Justina Kitchen and Lukas Walton-Keim, who won bronze together in the mixed relay at this year's formula kite European championships, coached the group of kitefoilers at the Aon national youth clinic.
"It’s exciting kiting has been invited to the Aon clinics," Kitchen said. "It’s a big step forward for us being included in the Yachting New Zealand and youth classes family. We really hope we can develop our young kiters and get some more kiters as well. It’s a great pathway for sailors to take alongside their sailing and gives them lots of options in the future.
"If you are already foiling, then get in touch with us. Everyone is invited to come and kite with us. We are completely open and just want as many people doing it as possible."
Windsurfing, and particularly developing the sport among youth, has been Gary Hill's passion for some time and it's taken on a new dimension with the growth of foiling.
Hill has been coaching the sport alongside Ian Young at the Wakatere Boating Club for 15 years and the pair offered to help out at the Aon national youth clinic. They're excited about what the future holds for a sport Hill calls "super-addictive".
"This is ultimately what the vision has been, to get [windsurfing] regenerated and see the sport grow," Hill said. "We’re starting to see a lot more interest because of the Olympics but we’re mindful that if people are joining us, they’re joining us for the passion and joy of going fast and getting involved in sailing. The Olympics is the icing on the cake. We know only a few people will reach the top."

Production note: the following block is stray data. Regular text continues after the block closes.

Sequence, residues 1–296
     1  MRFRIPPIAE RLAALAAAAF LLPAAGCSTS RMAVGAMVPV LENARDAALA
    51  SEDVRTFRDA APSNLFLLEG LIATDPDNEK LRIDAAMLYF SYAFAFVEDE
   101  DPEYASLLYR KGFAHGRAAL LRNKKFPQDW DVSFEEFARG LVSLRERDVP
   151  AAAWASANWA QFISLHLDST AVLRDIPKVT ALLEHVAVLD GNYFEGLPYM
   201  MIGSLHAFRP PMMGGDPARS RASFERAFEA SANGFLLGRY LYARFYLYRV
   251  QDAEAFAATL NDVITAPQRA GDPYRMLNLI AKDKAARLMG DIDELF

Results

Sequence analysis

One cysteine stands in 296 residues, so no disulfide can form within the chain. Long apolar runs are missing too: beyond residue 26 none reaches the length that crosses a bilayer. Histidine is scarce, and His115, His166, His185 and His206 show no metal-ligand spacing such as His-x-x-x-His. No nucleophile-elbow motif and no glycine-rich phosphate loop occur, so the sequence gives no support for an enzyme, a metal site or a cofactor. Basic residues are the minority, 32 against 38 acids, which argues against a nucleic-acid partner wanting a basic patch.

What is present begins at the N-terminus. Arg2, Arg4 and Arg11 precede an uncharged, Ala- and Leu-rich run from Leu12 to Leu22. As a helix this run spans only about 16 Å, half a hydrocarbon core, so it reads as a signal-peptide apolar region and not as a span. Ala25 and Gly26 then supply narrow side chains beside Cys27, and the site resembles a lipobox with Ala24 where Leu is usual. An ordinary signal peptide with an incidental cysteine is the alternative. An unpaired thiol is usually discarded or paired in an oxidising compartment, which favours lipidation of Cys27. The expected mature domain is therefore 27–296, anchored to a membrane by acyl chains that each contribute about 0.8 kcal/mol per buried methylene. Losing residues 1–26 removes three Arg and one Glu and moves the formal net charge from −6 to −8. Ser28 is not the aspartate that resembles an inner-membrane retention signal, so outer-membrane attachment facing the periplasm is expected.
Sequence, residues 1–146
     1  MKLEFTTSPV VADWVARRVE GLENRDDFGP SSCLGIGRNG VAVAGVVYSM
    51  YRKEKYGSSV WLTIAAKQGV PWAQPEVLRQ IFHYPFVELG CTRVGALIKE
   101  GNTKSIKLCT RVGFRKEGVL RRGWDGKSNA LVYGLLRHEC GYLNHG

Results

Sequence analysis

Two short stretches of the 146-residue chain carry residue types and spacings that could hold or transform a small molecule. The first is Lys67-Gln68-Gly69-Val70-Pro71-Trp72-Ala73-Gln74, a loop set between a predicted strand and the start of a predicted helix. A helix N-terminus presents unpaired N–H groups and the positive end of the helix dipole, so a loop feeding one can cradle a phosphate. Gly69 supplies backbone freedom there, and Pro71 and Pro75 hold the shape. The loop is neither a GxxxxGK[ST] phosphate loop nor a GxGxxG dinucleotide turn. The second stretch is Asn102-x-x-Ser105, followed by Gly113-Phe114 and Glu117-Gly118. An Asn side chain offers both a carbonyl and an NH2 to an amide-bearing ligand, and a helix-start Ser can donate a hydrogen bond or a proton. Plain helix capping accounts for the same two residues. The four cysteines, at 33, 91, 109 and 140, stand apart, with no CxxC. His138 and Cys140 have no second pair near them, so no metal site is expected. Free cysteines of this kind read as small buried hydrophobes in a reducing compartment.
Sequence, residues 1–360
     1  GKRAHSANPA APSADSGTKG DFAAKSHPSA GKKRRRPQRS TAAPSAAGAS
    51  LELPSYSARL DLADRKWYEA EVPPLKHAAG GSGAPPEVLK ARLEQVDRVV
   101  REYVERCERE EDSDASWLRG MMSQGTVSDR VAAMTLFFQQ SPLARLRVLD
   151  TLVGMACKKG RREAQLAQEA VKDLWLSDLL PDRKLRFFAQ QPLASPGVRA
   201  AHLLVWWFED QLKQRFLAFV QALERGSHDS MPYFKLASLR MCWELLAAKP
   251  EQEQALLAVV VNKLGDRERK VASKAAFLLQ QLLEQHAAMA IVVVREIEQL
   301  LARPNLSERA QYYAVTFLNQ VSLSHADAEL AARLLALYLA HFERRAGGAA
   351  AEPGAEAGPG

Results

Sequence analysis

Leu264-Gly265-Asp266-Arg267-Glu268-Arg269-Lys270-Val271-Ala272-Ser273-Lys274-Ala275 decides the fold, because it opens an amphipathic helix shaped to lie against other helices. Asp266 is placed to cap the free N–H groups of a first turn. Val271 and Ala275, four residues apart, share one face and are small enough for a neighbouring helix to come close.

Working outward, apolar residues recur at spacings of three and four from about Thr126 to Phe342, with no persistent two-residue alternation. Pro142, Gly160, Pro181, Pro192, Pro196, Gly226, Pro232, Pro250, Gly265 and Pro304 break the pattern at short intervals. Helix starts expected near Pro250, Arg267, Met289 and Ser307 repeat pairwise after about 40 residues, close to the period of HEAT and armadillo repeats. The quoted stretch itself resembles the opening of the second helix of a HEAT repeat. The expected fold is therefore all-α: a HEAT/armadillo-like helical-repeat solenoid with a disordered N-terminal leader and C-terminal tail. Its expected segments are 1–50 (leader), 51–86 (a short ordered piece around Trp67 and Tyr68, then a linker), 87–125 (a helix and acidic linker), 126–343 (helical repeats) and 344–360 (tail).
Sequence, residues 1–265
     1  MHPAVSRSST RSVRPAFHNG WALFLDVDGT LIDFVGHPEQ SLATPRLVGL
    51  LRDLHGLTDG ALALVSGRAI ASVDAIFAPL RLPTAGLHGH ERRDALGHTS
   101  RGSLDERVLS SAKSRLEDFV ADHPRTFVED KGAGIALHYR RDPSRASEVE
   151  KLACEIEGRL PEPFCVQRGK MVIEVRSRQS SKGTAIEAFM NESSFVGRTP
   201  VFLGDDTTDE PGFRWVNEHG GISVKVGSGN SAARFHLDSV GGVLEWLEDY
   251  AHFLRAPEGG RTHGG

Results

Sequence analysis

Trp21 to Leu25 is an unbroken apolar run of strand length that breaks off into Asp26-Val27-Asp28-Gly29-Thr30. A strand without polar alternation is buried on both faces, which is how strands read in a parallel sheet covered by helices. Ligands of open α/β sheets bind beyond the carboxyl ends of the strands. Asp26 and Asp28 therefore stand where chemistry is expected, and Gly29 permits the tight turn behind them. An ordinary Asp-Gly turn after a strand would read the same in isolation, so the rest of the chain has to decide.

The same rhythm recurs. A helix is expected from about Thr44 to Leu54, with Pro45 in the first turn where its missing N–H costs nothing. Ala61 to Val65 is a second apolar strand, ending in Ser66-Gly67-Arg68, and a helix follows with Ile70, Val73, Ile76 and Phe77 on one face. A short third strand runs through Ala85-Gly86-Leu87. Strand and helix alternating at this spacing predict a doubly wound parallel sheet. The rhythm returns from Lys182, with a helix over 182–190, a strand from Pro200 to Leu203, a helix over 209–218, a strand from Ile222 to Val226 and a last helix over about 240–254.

McIntosh knows that better than most, but has forged an outstanding record with his charges Dorian van Rijsselberghe and Kiran Badloe, who finished first and second in the RS:X at last year's sailing world championships.
He's presently committed to Dutch sailing but is passionate about seeing New Zealand windsurfing recapture its place at the front of the fleet and excited about windfoiling's inclusion at the Aon national youth clinic.
"It’s day one of the journey from youth development potentially all the way to the Olympics," McIntosh said. "I wouldn’t say we are starting from grassroots but we are starting from a low level with a critical mass and with great people around us and that’s really important. Like any youth or Olympic campaign, there’s a long way to go and we recognise that."
That campaign, though, is under way.
How can I get involved in windfoiling or kitefoiling?
There's an active group of windfoilers in Auckland, with regular coaching and racing at the Wakatere Boating Club, Manly Sailing Club or Maraetai Sailing Club. Alan McIntosh at Lake Pupuke also offers lessons. Pockets of activity are popping up in places like Taupo and Nelson but anyone interested in learning more can contact Sam Mackay at Yachting New Zealand.
A number of places around the country offer kiting lessons. To find one near you, check out the New Zealand KiteFoil Racing Facebook page or drop them a message.